BookTube-A-Thon Progress

Challenge one ticked off: read a book with a person on the cover.

The challenge has gone off to a really good start as I’ve already been able to check off one of the challenges by reading an ARC of Through the Sad Wood Our Corpses Will Hang (285 pages). I really enjoyed the story and it’s one of my favourites of the year, and I hope it does well when it is released fully on 1st October 2017.

As you can see, there is an abstract image of a woman on the cover to complete the first challenge.

My review of this book, also found here:

Verdict: 5 stars

Without a doubt, this book is one of the best reads of the year.

“Those were the days… when hairs were not pulled for being beautiful, and dreams were not nipped for being dreams, and wings were not clipped for wanting to fly.”

THROUGH THE SAD WOOD OUR CORPSES WILL HANG is the unusual tale of a twenty-year-old woman named Sheyda who is disassociated with reality, set in a city in Iran. The unusual narrator reminiscences about her life in first-person, and discusses in length her upbringing; her personal rejections of culture and religion; the torn dynamics between herself and her family; and her struggle to find love in the broken world. Told in flashbacks that ultimately lead to Sheyda’s execution, it is suggested that she is responsible for the death of her mother, and the story eventually shifts to focus on the real events of what happened on the day of her mother’s death.

The prose in this book is undeniably beautiful, emancipated by the unhinged mental state of the narrator. Sheyda’s logical mental leaps disassociate her with reality and portray her dissatisfaction with life, and a yearning to find another like her. In her lonely existence, she finds comfort in broken dreams and in imagining returned love. Between moments of disturbed joy in Sheyda’s imagination and her dark sense of humour, she is subjected to abuse in the conditions of a notorious prison. The use of physical symbols is also really interesting as it is ambiguous as to what Sheyda sees is actually there, such as the black cat and the birds. Her character is so fully fleshed out that the reader can fully imagine meeting Sheyda as a friend, and imagine how she might think and react.

I really love the way that the author blends in a cultural shadow over the story, it isn’t overbearing and really highlights Sheyda’s contrast to the world around her. She lacks the capacity to understand the conformity of those around her, and instead would rather live forever in her illusions. Essentially, she would make a brilliant romantic poet. It’s also interesting that Sheyda’s mental disassociation is eventually dismissed by her doctor, who believes that she is faking her behaviour, and that her dark humoured comments are in fact honest thoughts. Entirely alone, her isolation might very well be the reason for her increasing spiral into madness.

Overall, this novel is not for the fainthearted and really encourages the reader to think deeply and question every passing scene from the unreliable narrator’s point of view. The abrupt ending drops the reader with a sense of ambiguity, where it is doubtful as to whether or not Sheyda achieves the freedom she has been craving for, and delivers a cold reminder of the character’s strained relationship with reality. If you’re looking for something bizarre to read set in a theocratic country, with some brilliant and evocative writing and dark themes, then this is definitely the book for you. I would definitely love to read more from this author.

Note: This book was kindly provided for free by Net Galley in exchange for an honest review. Thank you to the publisher for this incredible opportunity.

  • Total books read: 1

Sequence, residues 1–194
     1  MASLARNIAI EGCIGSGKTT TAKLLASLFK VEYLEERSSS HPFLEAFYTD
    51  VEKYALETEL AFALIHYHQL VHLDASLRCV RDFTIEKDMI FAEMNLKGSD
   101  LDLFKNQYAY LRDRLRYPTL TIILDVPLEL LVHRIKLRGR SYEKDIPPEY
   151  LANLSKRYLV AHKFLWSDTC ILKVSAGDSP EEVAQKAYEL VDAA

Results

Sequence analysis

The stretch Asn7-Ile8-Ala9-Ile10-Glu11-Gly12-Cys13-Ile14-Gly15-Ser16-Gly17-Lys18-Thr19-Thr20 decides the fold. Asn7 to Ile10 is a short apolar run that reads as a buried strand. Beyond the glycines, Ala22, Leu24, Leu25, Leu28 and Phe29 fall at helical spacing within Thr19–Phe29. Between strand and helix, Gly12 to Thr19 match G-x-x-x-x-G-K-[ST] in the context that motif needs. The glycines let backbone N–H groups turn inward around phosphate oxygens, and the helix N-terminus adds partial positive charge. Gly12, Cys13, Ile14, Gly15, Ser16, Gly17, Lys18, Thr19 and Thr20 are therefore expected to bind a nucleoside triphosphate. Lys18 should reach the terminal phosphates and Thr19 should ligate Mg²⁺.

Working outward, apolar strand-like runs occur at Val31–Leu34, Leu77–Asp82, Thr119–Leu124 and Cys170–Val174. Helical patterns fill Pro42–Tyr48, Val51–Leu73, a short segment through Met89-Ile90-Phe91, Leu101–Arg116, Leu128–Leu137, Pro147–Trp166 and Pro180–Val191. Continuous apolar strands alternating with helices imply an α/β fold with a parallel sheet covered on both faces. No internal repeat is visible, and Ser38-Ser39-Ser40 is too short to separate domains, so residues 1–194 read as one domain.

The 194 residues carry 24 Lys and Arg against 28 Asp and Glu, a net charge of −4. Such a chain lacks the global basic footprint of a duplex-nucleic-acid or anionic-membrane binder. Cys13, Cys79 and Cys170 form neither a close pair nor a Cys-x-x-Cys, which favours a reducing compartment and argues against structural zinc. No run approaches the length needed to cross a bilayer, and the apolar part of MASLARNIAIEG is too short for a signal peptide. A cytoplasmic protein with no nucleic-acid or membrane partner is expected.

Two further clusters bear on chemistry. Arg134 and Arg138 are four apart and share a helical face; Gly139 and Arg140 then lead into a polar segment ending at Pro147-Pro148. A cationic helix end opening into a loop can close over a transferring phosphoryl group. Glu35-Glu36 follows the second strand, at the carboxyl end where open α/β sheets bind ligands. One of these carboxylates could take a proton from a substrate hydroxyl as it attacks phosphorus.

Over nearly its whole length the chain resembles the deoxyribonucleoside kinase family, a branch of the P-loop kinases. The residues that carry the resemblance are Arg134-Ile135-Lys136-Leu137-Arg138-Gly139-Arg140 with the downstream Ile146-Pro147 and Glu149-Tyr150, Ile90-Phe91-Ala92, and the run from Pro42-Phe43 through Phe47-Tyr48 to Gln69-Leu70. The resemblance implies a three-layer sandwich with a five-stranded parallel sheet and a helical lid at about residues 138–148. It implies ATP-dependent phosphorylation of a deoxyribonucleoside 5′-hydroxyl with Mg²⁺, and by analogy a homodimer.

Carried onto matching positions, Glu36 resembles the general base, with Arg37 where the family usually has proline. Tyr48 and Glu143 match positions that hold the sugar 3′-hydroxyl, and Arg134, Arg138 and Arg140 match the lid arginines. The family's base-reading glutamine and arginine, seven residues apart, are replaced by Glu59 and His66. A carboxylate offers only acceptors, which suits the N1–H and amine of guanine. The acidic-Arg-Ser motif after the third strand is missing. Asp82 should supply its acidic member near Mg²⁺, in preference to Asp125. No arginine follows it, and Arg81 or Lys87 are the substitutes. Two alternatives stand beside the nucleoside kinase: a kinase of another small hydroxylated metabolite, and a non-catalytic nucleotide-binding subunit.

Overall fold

• Total pages read: 285

Challenge two ticked off: read a hyped-up book.

For this challenge, I chose to read a short read by Neil Gaiman called The Sleeper and the Spindle. It’s a retelling of the classic fairy tale Sleeping Beauty with a brilliant twist as to who the villain turns out to be. The story is accompanied with some beautiful, detailed art which really encompass the overall story.

I would agree that this is a hyped book largely due to the fame of the author, and I’ve seen the book around BookTube a lot as well. I loved Coraline and The Graveyard Book so I was excited to get my hands on this!


My review of this book, also found here:

Verdict: 4 stars

I really enjoyed this quick read. Having fallen in love with CORALINE and THE GRAVEYARD BOOK I was excited to give this one ago. The story is a dark (or darker) retelling of Sleeping Beauty with some elements that blend with Snow White as well, all set in a fantasy universe. After a terrible sleeping sickness seems to be spreading like an army, a Queen must trek across half the world with some dwarf companions to confront the witch believed to be behind this: the same witch believed to have put a spell condemning a princess to an eternal, youthful sleep.

The graphics in the short read are simply breath-taking, full of intricate design. They really add to the dark fantasy tone of the book. The spin on the story, while it starts in a familiar way, ends up with a brilliant twist to add a turn to the original story we all know and love. However, I lacked giving a full five stars to the novelette because I felt that due to the short length, something was missing in terms of character development. I wanted to understand the motivations of the villain more, and I wanted slightly more world-building.

Overall, this was a really good short read and well recommended for the incredible artwork and an intriguing twist.

  • Total books read: 2
  • Total pages read: 357

Challenge three ticked off: read a book in a day

For this challenge, I chose to reread one of my all-time favourite reads, Animal Farm. Many are familar with his more popular dystopian 1984, but I personally prefer Animal Farm because while it stands alone as a simple story about animals, it is also a brilliant extended allegory for the rise and fall of the Soviet Union, and perhaps other dictatorships too. The first time I read this book I didn’t think much of it, but the more I think about it, the more the book seems as intriguing as ever in light of the political complexities of the world.